The past few days, I have been looking at the on-coming debate about entitltement reform through the lens of Catholic social teaching, specifically applying two of that teaching’s fundamental principles, the common good and subsidiarity, to the issue. Today, we look at the third leg of the Catholic social teaching stool, solidarity.
If subsidiarity argues for the resolution of social problems at the lowest level of social organization, that is because at such lower levels, relationships are more human, familial and neighborly, and the solution will be more interpersonal than impersonal. Consequently, the type of human solidarity that one can find at the familial and local levels barely needs to be pointed out, it is almost taken for granted, if your cousin or your neighbor needs a helping hand, you lend it.
The common good of a complex society, however, often demands that some problems be solved at the state federal level, such as providing income and health care to the elderly. And, the way we provide for the income and health care of the elderly is not by all becoming part-time nurses, but by paying taxes. Taxes are the expression of our solidarity with those in need, those who benefit from Medicare and Social Security and, because we will someday benefit from those programs, the expression of other people’s solidarity with us.
Solidarity is often expressed complexly but it is no less real for being complex. When Franklin Roosevelt spoke to the nation about the Lend-Lease program, which lent old destroyers to the United Kingdom to help protect transatlantic convoys from German U-boats in exchange for leases on Britain’s military bases in the Western Hemisphere, he explained the complicated negotiations by invoking the metaphor of your neighbor needing a garden hose to put out a fire. You don’t want money for the hose – or the water. When your neighbor is finished, you just want your hose back. Lend-Lease was one of the most complicated legal maneuvers around the very strict neutrality laws at that time, but its moral content was, as FDR understood, little different from lending your neighbor a garden hose.
When Catholic conservatives, either members of Congress or pundits, decry taxes, ask them where they got their nursing degree and how much time they are going to commit to helping their elderly neighbor bath himself? Ask them why they failed to tell you all these years that they had a medical degree, and when they are going to perform that operation on your uncle who needs bypass surgery? Ask them how much they can contribute to subsidizing the rent for their first grade teacher? Of course, none of us can do all these things and so, in a complex society, especially a highly mobile society like ours (how would you find your first grade teacher?) we turn to the state for these things and we fund them with our tax dollars.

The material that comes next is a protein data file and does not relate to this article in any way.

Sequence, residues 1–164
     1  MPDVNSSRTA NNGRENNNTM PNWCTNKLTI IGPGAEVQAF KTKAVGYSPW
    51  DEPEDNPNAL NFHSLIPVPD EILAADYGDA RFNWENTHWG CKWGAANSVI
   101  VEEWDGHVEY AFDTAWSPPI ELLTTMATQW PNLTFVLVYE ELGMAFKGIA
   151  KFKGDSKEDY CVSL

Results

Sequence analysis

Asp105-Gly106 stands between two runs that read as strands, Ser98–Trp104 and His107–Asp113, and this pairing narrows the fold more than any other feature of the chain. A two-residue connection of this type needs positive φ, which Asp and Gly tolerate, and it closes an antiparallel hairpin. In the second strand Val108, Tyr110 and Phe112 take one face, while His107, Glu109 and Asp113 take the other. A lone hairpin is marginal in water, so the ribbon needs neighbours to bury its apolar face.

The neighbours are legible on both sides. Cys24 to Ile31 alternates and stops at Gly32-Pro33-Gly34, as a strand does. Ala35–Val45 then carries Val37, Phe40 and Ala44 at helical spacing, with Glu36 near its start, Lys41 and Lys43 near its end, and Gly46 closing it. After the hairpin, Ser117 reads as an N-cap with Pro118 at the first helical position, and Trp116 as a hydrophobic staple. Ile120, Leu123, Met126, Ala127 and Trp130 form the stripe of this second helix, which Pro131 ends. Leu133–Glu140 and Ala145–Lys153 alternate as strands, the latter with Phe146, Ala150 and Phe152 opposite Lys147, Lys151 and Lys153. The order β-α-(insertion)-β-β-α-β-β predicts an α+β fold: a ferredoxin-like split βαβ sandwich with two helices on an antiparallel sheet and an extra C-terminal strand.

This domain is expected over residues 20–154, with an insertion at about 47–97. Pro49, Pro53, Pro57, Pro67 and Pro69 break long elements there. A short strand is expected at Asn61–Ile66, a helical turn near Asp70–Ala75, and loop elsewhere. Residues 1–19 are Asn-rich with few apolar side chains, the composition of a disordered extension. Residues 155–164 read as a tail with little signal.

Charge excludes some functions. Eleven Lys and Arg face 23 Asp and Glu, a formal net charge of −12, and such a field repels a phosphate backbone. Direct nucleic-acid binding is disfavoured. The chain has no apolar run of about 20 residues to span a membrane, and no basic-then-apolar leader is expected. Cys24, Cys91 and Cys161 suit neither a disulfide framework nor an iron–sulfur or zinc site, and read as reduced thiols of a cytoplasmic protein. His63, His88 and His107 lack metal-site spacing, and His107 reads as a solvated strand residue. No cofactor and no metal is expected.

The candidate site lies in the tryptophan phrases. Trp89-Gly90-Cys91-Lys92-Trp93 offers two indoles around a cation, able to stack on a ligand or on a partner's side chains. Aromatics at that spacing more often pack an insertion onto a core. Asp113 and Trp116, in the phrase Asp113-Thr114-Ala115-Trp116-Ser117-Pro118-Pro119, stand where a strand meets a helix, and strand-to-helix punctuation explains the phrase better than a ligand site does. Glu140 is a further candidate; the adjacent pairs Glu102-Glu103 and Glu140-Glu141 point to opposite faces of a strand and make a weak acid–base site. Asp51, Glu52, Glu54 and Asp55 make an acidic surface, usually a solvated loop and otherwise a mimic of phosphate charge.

We say: Charlottesville reveals the weeping wound of racism. What do we, the American Catholic faith community, do next? Read the editorial.
I submit that the starting point for discussions of entitlement reform should be, as I suggested yesterday, finding innovative ways to cuts costs, especially health care costs which have far outstripped the rate of inflation in the rest of the economy. But, the second point of departure for any discussion of entitlement reform is taxes. If Democrats are to distinguish themselves as defenders as the working and middle classes, they must insist on this and shape the debate accordingly. Social Security, Medicare and Medicaid are funded through highly regressive taxes. For starters, the tax is only applied to wages, so investment income, all the billions made annually by trading stocks and in capital gains, none of that provides a penny for Social Security or Medicare. The Social Security tax is even worse because it cuts off at around 100k of wage income: anything above that is untaxed.
If Social Security, Medicare and Medicaid were paid out of general revenues, and the tax rates were returned to the same levels they were on the day Ronald Reagan left office, we would not be discussing raising the retirement age or cutting back on Medicare benefits. The Democrats need to shift the discussion entirely. But just as the heroic state legislators in Wisconsin have refused to give in to the radical agenda of that state’s governor, Democrats need to dig in on entitlement reform. Some of those union workers protesting outside the state capitol in Madison probably voted for the Republicans, never imagining what would result. Elections matter. But, it behooves the Democrats to offer the voters a real choice.